With the total eclipse of the sun bringing millions of people to the Southwest, the distillery made and displayed a road sign: “Welcome to Plymouth, twinned with tonic.” It got them into trouble with the highways department but also secured national media coverage.

When Sean had settled in Plymouth, mainly because he met his wife Rachel there, and taken the job at the distillery, he had no idea of the journey he was about to embark on. “It was a revelation when I realised what the job entailed. I quickly realised how interesting it was and was prepared to put the work in to learn about it,” he said.

“There were around 12 distilleries, making 20 gins when I started so we were one of a much smaller crowd. Keeping the business going was down to hard work; we only sold 5,000 cases a year of Plymouth Gin so we made gins for other companies and even made vodka.

“Now there are more than 4,000 gins on the planet and over 600 distilleries in the UK. Fortunately we had a 200-year-old brand, a very old distillery dating back to the 1400s which is one of the oldest buildings in Plymouth, and we had a very respected liquid.

“So we had the story, Plymouth Gin just needed the love and the desire to make it happen. While most people drink something because they like the taste, the story gives them a reason to believe.

“To us, the recipe matters most. If you drink a gin and tonic, within those two words there are thousands of ways of drinking them together. It’s a voyage of discovery about flavours.”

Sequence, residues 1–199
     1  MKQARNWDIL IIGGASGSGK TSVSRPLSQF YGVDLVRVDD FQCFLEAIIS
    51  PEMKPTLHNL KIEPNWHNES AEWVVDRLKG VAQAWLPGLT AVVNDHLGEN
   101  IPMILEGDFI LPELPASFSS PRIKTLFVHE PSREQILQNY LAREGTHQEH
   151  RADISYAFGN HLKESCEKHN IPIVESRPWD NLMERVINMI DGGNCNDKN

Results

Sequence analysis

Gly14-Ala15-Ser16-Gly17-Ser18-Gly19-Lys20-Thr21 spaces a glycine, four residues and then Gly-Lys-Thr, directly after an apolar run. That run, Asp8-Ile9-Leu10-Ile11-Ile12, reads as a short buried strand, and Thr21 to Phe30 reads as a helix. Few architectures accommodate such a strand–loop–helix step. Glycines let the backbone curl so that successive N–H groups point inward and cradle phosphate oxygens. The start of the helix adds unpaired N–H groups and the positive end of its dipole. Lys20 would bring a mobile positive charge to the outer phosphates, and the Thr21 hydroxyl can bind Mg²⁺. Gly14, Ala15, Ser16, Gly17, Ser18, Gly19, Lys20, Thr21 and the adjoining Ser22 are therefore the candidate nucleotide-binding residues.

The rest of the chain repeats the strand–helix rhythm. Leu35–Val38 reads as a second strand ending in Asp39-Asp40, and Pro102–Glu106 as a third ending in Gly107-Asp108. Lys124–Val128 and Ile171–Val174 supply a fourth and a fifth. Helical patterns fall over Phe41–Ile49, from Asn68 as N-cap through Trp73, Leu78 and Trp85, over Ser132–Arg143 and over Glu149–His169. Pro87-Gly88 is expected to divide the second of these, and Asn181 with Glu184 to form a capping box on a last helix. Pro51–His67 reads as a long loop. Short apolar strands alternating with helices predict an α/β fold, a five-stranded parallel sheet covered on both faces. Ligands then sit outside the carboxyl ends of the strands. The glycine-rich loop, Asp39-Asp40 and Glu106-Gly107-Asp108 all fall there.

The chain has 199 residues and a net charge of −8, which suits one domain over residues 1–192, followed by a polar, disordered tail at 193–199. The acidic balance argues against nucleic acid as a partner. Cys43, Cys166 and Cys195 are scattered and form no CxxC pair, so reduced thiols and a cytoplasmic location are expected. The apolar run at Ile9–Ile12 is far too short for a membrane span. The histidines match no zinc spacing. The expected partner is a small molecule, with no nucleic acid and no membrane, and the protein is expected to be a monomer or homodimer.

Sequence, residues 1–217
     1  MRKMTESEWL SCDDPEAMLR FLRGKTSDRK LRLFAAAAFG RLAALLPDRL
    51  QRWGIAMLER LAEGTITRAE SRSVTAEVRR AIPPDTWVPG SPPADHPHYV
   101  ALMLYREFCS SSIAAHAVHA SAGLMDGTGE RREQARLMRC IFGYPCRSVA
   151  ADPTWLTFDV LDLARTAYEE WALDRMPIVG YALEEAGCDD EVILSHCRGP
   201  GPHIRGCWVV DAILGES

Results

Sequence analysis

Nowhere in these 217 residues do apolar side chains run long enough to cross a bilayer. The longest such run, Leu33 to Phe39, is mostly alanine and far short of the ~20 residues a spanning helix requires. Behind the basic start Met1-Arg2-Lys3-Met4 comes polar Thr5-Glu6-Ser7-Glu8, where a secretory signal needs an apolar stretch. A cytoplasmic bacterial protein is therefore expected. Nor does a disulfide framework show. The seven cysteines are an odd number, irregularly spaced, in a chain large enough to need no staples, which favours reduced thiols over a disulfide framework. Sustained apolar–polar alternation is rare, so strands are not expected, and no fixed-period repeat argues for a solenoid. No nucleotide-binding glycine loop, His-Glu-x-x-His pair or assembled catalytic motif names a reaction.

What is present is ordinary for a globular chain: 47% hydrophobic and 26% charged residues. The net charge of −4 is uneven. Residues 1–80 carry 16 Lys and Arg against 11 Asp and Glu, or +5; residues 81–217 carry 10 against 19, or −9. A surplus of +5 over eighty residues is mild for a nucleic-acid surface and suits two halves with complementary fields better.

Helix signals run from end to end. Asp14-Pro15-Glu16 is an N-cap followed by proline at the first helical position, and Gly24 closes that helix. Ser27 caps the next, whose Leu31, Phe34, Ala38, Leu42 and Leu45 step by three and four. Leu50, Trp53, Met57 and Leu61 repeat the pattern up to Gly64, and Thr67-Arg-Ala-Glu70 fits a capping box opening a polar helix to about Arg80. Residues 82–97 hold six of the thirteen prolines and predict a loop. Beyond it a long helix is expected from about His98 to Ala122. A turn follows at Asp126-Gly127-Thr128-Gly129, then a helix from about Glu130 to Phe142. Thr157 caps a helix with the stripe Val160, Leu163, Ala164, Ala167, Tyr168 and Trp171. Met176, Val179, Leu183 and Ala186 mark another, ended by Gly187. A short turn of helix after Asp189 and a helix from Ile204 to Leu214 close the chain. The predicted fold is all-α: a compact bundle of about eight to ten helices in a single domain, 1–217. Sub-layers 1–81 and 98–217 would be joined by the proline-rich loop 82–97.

From the start of Plymouth Gin’s renaissance, the team realised the importance of doing tastings, talking to spirits writers, showing bartenders around the distillery and having brand ambassadors. Now the distillery also has a partnership with the Ocean Conservation Trust, recognising the importance of the sea to its story, and doing its bit towards sustainability.

It was Plymouth Gin that introduced the now-universal term Navy strength for its high-strength gin. When they created a new label in 1997, there was a space on the bottle and branding consultant John Murphy suggested that would be better understood than 100º proof.

Part of Pernod-Ricard since 2009, the business takes a portfolio approach to new products so Plymouth has steered away from the flavoured gin route, although it continues to make its historic Sloe Gin and a Fruit Cup and has recently introduced ready-to-drink Martinis and gimlets.

Sean believes the UK market is now reaching saturation, and stresses the important role of The Gin Guild in keeping gin at the forefront and helping to stave off competition from other spirits.

“If we’re not prepared to shout about our products, why should anyone else? The Gin Guild is a powerful tool. And it’s nice to meet different people in the industry and get like-minded people together,” he said.

There are choppy waters ahead for producers in the UK, he believes, especially those who don’t export. “I think there will be a shake-up. We’ve had a good 20 years, now those with a weaker business model may struggle. There are still opportunities but not as many as there were.”

For Plymouth Gin, rooted in the historic city where Captain Cook and the Pilgrim Fathers set sail, Sean firmly believes its journey of exploration will continue and he sees South and central America as new markets to conquer.